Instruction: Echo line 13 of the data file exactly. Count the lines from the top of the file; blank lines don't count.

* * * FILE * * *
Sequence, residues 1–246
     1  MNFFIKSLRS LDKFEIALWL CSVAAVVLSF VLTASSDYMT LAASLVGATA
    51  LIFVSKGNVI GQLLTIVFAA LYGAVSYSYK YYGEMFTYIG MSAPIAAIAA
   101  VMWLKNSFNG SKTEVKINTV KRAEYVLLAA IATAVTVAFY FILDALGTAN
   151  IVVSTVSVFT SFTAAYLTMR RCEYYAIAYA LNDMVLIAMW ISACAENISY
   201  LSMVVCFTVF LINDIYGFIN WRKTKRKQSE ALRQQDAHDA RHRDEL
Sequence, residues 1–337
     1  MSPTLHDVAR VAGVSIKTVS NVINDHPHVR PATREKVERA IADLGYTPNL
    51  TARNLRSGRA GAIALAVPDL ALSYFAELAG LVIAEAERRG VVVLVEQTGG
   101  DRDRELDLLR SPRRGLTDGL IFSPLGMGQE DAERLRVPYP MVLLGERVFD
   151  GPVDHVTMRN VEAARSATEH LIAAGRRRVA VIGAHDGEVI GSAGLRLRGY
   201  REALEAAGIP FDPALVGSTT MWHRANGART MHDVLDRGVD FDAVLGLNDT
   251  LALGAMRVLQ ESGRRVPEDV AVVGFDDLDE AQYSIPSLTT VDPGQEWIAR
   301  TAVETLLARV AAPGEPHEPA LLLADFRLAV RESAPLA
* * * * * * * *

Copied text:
   251  LALGAMRVLQ ESGRRVPEDV AVVGFDDLDE AQYSIPSLTT VDPGQEWIAR